The third perspective I want to address is active versus inactive. Now I know that sounds silly, so let me explain. In our common understanding, we use the phrases, “Are you active? Are you active in the church” or “are they active in the church? Are they inactive?” And so our common understanding might look something like this: someone who is active we would likely define as someone who attends meetings weekly, holds a calling, and has a temple recommend. Someone who is perhaps inactive by our definition, might not be engaging in some, or all, of those activities. The black and white thinking that I once held would suggest that if you were active in the church then you were great. You were fine. You were happy. That you were doing the right thing and everything was OK. And if you were inactive in the church, then you weren’t OK. Maybe you were in survival mode. You were desperate, and experiencing hardship, and maybe not being blessed, and all these number of things. But as I mentioned, that black and white thinking wasn’t serving me well at all. Our common narrative in our community is often that those who are inactive are perhaps rebellious, maybe just apathetic, misled, or drawn away by something. Perhaps they’re ensnared by Satan; maybe they’re just confused. But we tend to believe that those who are inactive have likely fallen subject to one of these scenarios. But this is not always the case. Many approach leaving the church the same way they entered it: prayerfully, deliberately, and in some cases, painfully. We all thrive in different ways, and in different places and “active” does not always mean that we’re thriving, just like being inactive doesn’t mean that we’re only surviving. Choosing to divorce someone who I love dearly after a temple marriage was one of the most difficult choices I’ve ever made, and it wasn’t made in a rash decision, or in a reckless act of frustration, or the pursuit of something I thought was better or more exciting. I had to pray continuously, for months, to seek professional help, to get input from those I loved who knew me best to make that decision. We often hear a word like divorce or coming out of the closet as something that seems like, “Well they just didn’t try hard enough, just didn’t dedicate themselves to making it work. They just didn’t pray hard enough.” That’s simply not always the case. My new perspective is such that I no longer ask if someone is active in the church. Instead I ask the more important questions, “What are you active in? Are you active in your faith? Are you actively feeling the spirit in your life? Are you actively engaged in a good cause? Are you active in the community? Are you active in your family?” Because being active in the church by that definition doesn’t guarantee that we’re active in our faith. It doesn’t guarantee that we’re active in our families, and to me these have become more important key indicators to our happiness and to our thriving, not just surviving.
Lastly I’d like to talk about my personal perspective. It’s overwhelming to see the number of people here today, and remarkable to be in a place I never thought I’d be. I never thought I could have these hard conversations with anybody, let alone a room full of people in a place as familiar as this. As you engage with people in the LGBTQ community, you can help them learn what vital role they play no matter where they are on the spectrum of mortality. You can help them shift from surviving to thriving so that they can love, and lift, and serve, and not spend every day just trying to make it through the next 24 hours. You can also respect the nature of personal revelation and offer support whether someone remains active in the church, or active elsewhere. And the remarks this morning were wonderful about being a support to wayward children or family members.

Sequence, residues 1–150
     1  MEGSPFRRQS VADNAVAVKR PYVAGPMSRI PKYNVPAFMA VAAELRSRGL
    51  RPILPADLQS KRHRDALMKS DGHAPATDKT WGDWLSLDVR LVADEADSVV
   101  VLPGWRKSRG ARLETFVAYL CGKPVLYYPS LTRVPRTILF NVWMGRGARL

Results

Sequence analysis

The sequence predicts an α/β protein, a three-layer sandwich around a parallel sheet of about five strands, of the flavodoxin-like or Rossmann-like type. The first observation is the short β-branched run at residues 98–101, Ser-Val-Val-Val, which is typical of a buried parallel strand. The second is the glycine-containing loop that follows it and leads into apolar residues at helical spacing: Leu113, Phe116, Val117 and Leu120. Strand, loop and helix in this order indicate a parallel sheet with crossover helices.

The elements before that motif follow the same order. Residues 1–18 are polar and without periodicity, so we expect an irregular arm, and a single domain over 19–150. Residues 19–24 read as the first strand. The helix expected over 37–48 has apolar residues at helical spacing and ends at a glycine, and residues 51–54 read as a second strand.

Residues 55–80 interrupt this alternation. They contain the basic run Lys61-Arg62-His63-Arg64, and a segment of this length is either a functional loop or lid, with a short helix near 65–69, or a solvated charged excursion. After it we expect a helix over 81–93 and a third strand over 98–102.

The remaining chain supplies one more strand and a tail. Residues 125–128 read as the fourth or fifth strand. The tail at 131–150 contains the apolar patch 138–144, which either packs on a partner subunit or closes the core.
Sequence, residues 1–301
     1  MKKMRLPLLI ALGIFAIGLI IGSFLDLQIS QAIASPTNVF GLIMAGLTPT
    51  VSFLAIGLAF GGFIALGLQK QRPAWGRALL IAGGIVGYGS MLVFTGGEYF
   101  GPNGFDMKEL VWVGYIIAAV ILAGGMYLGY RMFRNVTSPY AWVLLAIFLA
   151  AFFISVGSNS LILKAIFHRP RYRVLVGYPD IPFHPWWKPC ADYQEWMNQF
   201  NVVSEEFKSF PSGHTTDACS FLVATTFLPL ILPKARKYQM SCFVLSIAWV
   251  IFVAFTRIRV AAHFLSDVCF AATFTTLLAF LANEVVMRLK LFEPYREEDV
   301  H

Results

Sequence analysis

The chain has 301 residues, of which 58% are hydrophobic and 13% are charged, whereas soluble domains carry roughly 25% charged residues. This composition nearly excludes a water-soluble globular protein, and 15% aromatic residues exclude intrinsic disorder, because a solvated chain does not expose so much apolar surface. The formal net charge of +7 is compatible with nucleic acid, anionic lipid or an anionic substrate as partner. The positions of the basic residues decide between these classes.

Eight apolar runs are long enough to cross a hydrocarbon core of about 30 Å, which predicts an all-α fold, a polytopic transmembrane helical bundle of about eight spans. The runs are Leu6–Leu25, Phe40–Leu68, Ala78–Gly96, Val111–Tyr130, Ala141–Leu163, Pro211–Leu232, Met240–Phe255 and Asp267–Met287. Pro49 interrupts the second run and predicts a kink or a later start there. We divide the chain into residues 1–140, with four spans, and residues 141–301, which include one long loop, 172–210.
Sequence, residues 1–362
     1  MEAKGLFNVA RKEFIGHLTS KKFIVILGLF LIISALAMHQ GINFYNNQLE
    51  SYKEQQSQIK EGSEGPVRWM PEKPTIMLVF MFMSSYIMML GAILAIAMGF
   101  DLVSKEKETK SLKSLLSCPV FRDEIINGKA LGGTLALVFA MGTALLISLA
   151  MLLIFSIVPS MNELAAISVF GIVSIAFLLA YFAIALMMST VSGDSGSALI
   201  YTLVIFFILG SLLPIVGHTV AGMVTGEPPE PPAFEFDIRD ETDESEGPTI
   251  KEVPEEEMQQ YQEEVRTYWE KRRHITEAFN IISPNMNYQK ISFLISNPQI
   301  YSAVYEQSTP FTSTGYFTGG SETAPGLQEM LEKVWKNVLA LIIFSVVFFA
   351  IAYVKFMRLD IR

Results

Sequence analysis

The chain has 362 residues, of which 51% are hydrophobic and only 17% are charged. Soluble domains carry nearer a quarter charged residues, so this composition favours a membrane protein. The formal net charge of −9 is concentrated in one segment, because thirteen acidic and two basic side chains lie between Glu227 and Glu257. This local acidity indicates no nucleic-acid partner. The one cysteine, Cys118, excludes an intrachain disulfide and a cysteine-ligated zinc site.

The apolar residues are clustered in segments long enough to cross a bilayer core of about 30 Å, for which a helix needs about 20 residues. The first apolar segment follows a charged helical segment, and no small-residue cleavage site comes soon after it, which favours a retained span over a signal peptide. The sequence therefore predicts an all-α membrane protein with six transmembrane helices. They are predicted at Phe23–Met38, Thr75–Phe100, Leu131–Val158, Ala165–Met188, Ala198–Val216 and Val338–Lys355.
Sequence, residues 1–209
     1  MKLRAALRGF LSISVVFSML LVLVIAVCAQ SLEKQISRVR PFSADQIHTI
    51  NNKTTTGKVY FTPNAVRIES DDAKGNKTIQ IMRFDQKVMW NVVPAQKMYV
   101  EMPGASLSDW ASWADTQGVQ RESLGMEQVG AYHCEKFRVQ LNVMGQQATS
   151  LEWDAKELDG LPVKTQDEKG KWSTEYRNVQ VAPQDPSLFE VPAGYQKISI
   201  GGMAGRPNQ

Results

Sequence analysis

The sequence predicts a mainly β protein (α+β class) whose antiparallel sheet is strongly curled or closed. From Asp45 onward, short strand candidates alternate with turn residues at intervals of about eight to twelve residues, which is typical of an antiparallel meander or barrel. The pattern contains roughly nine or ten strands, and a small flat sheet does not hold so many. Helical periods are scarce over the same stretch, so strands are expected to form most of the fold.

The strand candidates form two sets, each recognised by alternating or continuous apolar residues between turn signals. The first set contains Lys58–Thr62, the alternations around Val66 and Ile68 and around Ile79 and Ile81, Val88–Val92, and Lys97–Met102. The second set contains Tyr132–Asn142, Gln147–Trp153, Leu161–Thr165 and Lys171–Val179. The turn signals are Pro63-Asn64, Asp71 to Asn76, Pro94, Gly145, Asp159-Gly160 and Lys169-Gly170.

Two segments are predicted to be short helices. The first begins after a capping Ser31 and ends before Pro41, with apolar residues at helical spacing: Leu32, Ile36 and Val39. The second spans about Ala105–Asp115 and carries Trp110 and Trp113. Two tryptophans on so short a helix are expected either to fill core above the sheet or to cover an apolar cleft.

That applies here as well. Because the truth is someday someone may approach you. Someone in your family, someone in your workplace, a friend, a loved one, and they may tell you that they’re gay. They may tell you that they need to step away from the church, this beloved faith system they’ve been part of. And you have an opportunity in that moment to help them. Because when they approach you, their label may look a lot like mine did. They may feel that one trait defines who they are. That there’s one ingredient that’s more important than any other part of their makeup, and you can help them rewrite it. You can help them realize that they are a child of God, that they are loved, that they are valued, that they are needed, that they are capable, that they are welcome, that they are vibrant, and talented, and wanted, AND gay. Not BUT gay. AND gay. And when we approach people in that respect hearts change and doors open.
Brothers and sisters, my testimony is that God loves each of us perfectly. We don’t always. We try, but we don’t love perfectly, not yet, and that’s ok. We’re learning. That’s why we’re here. I hope that you’ll open your minds, and then you’ll open your hearts, and then you’ll open your doors to members of not just the LGBTQ community that I’m a part of, but to anyone who may be a bit different, who may think differently than you, or look differently than you. And if you don’t know where to start, pick one of those three. Open your mind, open your heart, or open your door, because one of those will lead to the other. If you can open your heart to somebody and really get to know them, then in time you’ll open your door to them. You’ll realize that they aren’t a threat. That they’re not scary, that you can have them in your home, you can have them around your family, around your kids, and you’ll marvel at what they can bring spiritually, and emotionally, and mentally into your life. If you don’t have it in you to open your heart, then start by opening your door. Open your door and say, “I don’t know you and I don’t understand you…yet, but I want to. So please come over, sit down. Let me ask you questions. Ask me questions. Let’s get to know each other.” Because when you open your door, in time your heart and your mind will also open.
It is my testimony that our Heavenly Father wants us to learn to learn to love each other perfectly. And He knows we’re going to make mistakes in the process. But I know that He will help us as we make those earnest efforts. I know that He loves each of us, and I’m so, so grateful to be here to share this insight with you, and I leave that with you in the name of Jesus Christ Amen.
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This In My Own Words story is a contribution from Let’s Love Better, a Facebook group dedicated to helping people learn to better share love, while fostering an atmosphere of understanding. When we know better, we do better.